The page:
In Dwell: How Adler & Sullivan Paved the Way for Skyscrapers

I was pleasantly surprised a few weeks back when Dwell’s online edition reposted a book review and interview I penned for the magazine back in 2011. It chronicled the publication of a book on Chicago photographer Richard Nickel’s efforts to record the architecture of Dankmar Adler and Louis Sullivan. The feature article also includes a Q+A with Ward Miller, who co-authored the 2010 publication of “The Complete Architecture of Adler & Sullivan” with John Vinci. A+A is pleased to repost the start of that feature here, with a link to the complete interview at its end:

In 1952, a photography student named Richard Nickel began to document the works of Chicago architects Dankmar Adler and Louis Sullivan within the context of aging neighborhoods, crude remodeling, and outright demolition. Of the 256 buildings designed by the late-19th- and early-20th-century architects, both as a team during their 15- year partnership and as individuals, only about 30 still stand. Most were demolished in the ’50s and ’60s during the age of urban renewal. Of these, the majority were in Chicago, where their firm, Adler & Sullivan, was based.

Though Nickel’s documentation of Adler & Sullivan works began in a graduate-level photography course at Chicago’s Institute of Design (now the Illinois Institute of Technology) instructed by photographer Aaron Siskind, he continued cataloging the architects’ projects into the early ’70s, with plans to produce a book. In 1972, however, Nickel died in an accident at the demolition site of the Sullivan-designed Chicago Stock Exchange building. Upon his passing, Nickel’s friends and colleagues formed the Richard Nickel Committee to retrieve his archive and continue his project research. In late 2010, the University of Chicago Press published The Complete Architecture of Adler & Sullivan, a hefty book with more than 800 photographs by Nickel, Siskind, and other noted photographers, as well as architectural plans and essays that catalog the oeuvre of Adler and Sullivan (the latter often called the “father of skyscrapers” and “father of modernism”).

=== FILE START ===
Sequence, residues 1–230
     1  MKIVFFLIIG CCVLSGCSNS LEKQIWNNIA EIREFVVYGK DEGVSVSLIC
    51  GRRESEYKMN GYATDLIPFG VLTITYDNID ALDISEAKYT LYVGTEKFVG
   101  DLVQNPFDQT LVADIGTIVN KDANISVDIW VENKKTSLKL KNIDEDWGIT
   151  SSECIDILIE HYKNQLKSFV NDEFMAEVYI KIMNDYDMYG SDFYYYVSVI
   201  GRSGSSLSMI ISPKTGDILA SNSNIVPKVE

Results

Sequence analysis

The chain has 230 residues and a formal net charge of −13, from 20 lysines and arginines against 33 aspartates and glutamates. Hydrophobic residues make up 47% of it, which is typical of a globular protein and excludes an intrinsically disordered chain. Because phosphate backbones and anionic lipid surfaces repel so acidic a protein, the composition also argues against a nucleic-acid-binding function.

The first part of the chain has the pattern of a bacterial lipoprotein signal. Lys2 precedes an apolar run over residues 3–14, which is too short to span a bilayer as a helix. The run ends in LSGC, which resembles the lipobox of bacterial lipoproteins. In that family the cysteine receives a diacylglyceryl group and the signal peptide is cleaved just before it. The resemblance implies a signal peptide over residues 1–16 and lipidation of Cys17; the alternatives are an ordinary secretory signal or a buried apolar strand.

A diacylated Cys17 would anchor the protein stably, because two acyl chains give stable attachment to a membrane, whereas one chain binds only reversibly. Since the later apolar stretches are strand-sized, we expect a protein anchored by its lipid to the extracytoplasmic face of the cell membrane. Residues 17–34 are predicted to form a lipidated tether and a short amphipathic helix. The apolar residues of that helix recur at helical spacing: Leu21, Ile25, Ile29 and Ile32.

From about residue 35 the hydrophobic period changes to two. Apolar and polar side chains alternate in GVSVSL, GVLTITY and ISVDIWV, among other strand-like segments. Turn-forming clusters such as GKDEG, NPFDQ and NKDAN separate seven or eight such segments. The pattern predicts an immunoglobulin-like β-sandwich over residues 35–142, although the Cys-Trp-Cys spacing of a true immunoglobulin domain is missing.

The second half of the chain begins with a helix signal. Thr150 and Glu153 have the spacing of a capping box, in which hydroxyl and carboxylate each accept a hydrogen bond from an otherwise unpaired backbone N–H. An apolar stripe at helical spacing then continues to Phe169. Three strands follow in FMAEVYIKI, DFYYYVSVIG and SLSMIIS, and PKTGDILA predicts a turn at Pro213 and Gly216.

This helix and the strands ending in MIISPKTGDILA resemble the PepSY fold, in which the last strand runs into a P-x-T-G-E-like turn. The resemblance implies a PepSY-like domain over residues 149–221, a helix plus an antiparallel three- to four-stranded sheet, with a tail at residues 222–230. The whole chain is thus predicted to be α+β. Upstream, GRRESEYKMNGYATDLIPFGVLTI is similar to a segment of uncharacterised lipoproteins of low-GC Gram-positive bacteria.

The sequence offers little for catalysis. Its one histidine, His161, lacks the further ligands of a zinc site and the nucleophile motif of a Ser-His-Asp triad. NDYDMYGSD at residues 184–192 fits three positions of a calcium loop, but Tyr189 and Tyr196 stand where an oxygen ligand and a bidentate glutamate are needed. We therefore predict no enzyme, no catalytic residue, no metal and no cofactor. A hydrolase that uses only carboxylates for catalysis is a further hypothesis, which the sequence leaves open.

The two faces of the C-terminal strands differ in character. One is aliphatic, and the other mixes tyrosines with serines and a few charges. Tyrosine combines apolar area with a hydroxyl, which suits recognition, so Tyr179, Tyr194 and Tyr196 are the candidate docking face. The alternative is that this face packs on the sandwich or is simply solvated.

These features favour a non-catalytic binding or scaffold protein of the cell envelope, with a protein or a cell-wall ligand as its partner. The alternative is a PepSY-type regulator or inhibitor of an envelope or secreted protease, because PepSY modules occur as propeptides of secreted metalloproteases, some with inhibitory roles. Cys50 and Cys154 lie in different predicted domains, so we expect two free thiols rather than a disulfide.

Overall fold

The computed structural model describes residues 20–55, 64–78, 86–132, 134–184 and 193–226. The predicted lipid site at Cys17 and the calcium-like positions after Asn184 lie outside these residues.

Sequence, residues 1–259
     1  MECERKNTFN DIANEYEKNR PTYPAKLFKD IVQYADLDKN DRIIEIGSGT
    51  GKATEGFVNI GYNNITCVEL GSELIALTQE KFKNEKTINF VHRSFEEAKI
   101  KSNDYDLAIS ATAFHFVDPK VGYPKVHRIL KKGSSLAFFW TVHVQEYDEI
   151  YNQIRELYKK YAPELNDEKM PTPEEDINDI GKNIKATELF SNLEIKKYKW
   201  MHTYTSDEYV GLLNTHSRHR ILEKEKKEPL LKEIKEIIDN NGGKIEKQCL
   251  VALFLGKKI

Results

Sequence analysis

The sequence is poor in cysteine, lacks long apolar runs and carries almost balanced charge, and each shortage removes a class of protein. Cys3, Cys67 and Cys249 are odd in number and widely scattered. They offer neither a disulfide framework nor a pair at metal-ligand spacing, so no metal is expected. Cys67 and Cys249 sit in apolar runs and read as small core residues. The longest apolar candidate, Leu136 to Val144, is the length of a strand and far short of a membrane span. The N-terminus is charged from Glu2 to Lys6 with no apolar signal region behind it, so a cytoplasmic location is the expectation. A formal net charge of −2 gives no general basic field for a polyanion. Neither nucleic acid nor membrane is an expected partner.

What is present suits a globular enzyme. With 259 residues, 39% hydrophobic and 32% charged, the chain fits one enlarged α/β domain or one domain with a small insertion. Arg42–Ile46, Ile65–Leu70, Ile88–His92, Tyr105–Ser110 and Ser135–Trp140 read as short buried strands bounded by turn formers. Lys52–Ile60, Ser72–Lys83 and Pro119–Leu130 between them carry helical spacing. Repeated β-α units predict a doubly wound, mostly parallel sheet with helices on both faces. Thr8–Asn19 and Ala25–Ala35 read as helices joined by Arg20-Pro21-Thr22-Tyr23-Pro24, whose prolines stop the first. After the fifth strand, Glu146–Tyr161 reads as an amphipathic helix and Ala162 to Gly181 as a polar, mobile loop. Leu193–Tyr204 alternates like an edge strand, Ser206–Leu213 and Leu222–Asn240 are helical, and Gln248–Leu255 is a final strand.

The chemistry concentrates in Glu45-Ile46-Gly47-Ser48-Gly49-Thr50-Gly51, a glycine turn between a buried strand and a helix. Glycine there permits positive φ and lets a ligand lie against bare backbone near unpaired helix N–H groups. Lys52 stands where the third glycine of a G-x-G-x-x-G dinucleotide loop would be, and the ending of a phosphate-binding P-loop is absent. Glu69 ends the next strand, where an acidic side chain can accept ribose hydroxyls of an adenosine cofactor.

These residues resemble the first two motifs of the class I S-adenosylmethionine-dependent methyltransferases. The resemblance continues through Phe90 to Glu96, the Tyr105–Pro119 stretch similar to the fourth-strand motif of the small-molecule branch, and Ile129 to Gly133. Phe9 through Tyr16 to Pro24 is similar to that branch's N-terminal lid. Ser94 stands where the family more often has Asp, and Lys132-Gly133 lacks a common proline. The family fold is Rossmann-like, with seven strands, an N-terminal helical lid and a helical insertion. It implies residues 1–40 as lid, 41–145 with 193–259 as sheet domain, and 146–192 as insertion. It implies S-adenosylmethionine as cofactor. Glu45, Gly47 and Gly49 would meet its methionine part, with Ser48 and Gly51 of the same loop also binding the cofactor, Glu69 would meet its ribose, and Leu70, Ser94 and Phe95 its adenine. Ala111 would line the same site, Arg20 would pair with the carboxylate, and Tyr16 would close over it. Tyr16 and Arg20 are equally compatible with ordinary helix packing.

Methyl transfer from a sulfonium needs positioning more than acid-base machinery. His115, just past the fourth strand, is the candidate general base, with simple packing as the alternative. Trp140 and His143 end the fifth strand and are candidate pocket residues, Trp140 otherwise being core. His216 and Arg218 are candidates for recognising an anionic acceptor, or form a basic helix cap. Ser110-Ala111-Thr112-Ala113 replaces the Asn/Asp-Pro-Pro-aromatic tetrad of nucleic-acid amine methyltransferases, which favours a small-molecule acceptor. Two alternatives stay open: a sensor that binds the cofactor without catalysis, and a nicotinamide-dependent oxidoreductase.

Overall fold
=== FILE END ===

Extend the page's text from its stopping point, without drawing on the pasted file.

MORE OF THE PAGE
Chicago preservation architect Ward Miller was the executive director of the committee that brought Nickel’s work to fruition and coauthored the 2010 publication. I talked to him about the significance and influence Adler and Sullivan’s buildings, and why Nickel’s documentation of them is something everyone ought to know about.

Dwell: What was the relationship between Adler and Sullivan during their 15 years of practicing together? Their roles? How did it affect their architecture?

Ward Miller: Adler & Sullivan are most associated with being an innovative and progressive architectural practice; forwarding the idea of an American style and expressing this in a truly modern format. Their work was widely published and at the forefront of building construction. Their buildings—especially their multipurpose structures, like the Auditorium Building and Auditorium Theater in Chicago—were unequaled. The expression of a tall building, its structure with a definite base, middle section or shaft, and top or cornice was a new approach for the high-building design. These types of tall structures developed into a format. It’s most evident in expression in the Wainwright Building in St. Louis and later the Guaranty Building in Buffalo, New York. Even today, the vertical expression of a building employs these design principals.

For more, go here.